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Terraforming on Mars can still be possible after NASA concludes otherwise, scientists say



Elson Musk from SpaceX can imagine a nuclear device acting as an artificial sun on Mars for its long-term terraforming plans, but NASA has finally disagreed with his plans and others for the planet so far. With that in mind, Harvard University researchers have conducted a study of the use of a silica aero gel to create regionally shaped parts of the planet. Their results have recently been published in Nature Astronomy.

NASA's message is clear: the amount of carbon dioxide (CO2) required to warm enough Mars to provide the necessary atmospheric pressure for human survival is not present on the red planet. "The transformation of the inhospitable Martian environment into a place that astronauts could explore without sustaining life is not possible without technology far beyond today's capabilities," NASA concluded in a press release last year about turning our neighbor to the next Earth. "Our results show that Mars does not leave enough CO2 (carbon dioxide) to ensure significant warming of greenhouse gases if the gas is released into the atmosphere; Moreover, most of the gaseous carbon dioxide is not available and can not be easily mobilized. As a result, Terraforming on Mars is not possible with the help of modern technology. "

Wordsworth et al. / Nature of Astronomy / Harvard University

Harvard scientists who published a recent study instead suggested a way to bypass this problem by exchanging a planetary strategy for local transformation. By covering some areas of the Martian surface with a thin layer of silicagel, namely areas with large amounts of water ice, enough sunlight will warm up and combine with natural underground heating processes to create a potentially habitable environment. [19659002] "In particular, we demonstrate through experiments and modeling that under Martian environmental conditions, a layer of 2-3 cm thick silica aerogel will simultaneously transmit sufficiently visible light to photosynthesis, block dangerous hazardous radiation and raise the temperature below it for constantly above the melting point of the water without the need for any internal heat source, "is detailed in the study.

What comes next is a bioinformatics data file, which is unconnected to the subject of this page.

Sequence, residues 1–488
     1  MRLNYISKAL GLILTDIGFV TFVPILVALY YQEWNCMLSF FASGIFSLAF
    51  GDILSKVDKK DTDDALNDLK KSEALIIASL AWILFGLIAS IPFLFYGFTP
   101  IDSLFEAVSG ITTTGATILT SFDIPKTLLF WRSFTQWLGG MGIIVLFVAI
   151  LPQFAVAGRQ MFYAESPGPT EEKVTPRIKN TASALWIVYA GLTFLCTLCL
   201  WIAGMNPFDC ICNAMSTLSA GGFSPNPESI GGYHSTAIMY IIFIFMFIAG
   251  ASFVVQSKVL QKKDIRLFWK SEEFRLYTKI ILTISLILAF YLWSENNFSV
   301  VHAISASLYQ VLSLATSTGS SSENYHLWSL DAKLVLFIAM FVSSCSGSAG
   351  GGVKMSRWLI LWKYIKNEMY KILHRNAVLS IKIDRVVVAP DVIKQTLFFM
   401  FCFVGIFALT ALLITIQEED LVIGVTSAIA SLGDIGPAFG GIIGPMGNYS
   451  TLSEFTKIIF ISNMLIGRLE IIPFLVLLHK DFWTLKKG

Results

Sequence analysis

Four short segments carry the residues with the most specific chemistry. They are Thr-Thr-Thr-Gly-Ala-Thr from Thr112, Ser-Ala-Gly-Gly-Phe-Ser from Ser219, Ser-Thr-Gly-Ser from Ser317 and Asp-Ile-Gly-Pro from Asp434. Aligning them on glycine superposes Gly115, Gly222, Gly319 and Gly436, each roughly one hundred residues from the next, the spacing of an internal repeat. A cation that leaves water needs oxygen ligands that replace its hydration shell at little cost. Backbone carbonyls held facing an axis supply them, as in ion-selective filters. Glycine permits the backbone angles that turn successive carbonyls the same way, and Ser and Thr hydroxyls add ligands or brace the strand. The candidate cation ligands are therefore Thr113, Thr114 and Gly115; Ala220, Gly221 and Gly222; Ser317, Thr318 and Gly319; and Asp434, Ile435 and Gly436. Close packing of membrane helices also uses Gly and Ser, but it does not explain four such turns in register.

After the temperatures were adequate, the gases released from the ice in the lakes and the regolith (soil) would accumulate to form a pressure atmosphere under the aerogel layer. If they succeed so far, microbes and plant life can theoretically survive. "Putting silicon aerogels shields over enough of the ice-rich areas of the Martian surface can allow photosynthetic life to survive there with minimal subsequent interference," said the scientists. This photosynthetic life will continue to produce oxygen for the more ordinary inhabitants of Earth to use them.

Besides proposing the use of silica aerogel properties, the research team also tests environmental factors that mimic those on Mars. Their results so far show that warming above the required temperature for liquid water would be readily available for application as required under the aeroger. These results are promising, but many more tests and in-situ studies will be needed to prove the concept further.

An artistic presentation of the concept of the Mars Geodesic Home. Maybe a silica aerogel can integrate into larger versions? | NASA / Clouds AO / SEArch

While NASA's findings last year seem to slam SpaceX's dream of eventual terraforming on Mars (see the coffee transformation glass for the full picture). the table. Perhaps, if Harvard's further research and testing demonstrates positively the potential of the idea of ​​the Silicon Aerobic habitat, small regions across the planet may resemble the most ideal places on Earth – very similar to Earth itself.

parks with balloon? Will the aerogel cover geodetic structures as seen in many other Martian colony concepts? Even if there are no answers, the enthusiasm for finding answers is exciting.


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